I didn’t realize just how temporary one of them would be.

We placed each carrier in the back seat and began the short ride home. They were both quiet at first but then I heard some quiet mews coming from behind me. I couldn’t figure out which one was speaking up, but eventually Emma’s carrier started to rock and it was clear who was unhappy.

When we got home, we left the cats in the carriers in the living room while we got their rooms set up with food, water, and litter boxes. My wife came upstairs to find Emma half way out of her box, she chewed and scratched a large hole in the carrier but was having trouble getting her hindquarters out.

Scout would have tried to figure out how to get the top to open up, but Emma apparently prefers a more direct approach. A little less Houdini-like, perhaps, but an escape artist nonetheless.

The Great White Belly

Our cat Templeton sleeping on the wooden heating grate

Templeton loved his belly rubs. And with that great soft white belly of his, I couldn’t resist giving them.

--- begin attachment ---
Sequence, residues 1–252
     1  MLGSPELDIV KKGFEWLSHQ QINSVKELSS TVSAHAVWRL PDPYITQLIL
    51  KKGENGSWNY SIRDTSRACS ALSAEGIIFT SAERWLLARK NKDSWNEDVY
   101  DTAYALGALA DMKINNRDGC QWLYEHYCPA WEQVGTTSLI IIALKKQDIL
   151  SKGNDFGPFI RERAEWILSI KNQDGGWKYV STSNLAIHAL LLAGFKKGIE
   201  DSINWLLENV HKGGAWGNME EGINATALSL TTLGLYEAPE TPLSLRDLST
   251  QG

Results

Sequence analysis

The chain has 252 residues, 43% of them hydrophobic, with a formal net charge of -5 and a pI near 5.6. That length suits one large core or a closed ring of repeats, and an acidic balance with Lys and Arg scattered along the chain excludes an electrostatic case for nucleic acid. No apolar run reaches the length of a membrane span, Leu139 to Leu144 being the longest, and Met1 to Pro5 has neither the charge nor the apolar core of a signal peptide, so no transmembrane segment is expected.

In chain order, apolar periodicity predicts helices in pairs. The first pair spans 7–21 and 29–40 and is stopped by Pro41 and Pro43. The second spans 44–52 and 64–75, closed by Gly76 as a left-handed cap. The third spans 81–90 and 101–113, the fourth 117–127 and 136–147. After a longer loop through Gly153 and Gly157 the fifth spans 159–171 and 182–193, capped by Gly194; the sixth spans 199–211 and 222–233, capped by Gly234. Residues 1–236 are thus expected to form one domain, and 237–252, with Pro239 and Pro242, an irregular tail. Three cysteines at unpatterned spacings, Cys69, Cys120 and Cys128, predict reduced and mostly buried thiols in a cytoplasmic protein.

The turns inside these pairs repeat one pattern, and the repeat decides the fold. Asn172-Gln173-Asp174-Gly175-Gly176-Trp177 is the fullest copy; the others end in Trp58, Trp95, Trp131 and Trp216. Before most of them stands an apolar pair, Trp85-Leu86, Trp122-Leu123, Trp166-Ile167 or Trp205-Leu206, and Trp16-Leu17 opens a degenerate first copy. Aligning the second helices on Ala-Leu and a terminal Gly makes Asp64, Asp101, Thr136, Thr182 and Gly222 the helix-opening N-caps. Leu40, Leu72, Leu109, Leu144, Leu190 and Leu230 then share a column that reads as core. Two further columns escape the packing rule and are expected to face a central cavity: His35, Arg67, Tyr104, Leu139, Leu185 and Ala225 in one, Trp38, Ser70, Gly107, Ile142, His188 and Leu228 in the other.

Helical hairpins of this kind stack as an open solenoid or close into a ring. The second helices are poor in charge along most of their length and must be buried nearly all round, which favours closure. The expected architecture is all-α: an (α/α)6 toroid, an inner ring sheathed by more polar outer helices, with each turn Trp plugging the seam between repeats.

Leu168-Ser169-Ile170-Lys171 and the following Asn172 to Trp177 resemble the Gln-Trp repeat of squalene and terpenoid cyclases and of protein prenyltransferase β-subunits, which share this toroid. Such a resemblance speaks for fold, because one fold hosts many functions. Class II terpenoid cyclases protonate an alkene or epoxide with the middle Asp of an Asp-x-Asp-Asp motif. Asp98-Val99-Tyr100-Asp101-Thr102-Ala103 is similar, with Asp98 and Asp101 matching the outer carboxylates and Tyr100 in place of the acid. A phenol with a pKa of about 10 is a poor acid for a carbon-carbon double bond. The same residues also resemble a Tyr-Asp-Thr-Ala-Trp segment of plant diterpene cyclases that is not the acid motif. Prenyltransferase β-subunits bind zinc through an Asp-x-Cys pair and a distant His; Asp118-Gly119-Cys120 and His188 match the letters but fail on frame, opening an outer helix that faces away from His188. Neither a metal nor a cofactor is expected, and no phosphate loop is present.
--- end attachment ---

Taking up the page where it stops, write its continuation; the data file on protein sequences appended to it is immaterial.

Sometimes I’d surprise him, he’d be sleeping and roll over to let off some heat, and I’d gently start to rub his belly. Sometimes he’d make kneading motions into the air with his paws, sometimes he’d wrap his arms around mine, always accompanied by that wonderful purr.

Sometimes, though, he’d use his belly to his advantage. The first time Templeton came to live with me was when I was still in school in Virginia but my wife had already moved out to Oregon. Templeton stayed with me for a few months and kept me company while I finished up my dissertation. I’d be working at my desk and out of the corner of my eye, I’d see him walking in my direction. He’d suddenly stop and flop down on his back, exposing his white belly to the world. He’d watch me and wait for his belly rub. If I didn’t get up, he’d hop up, move a few feet closer, and then flop down again and wait for his belly rub.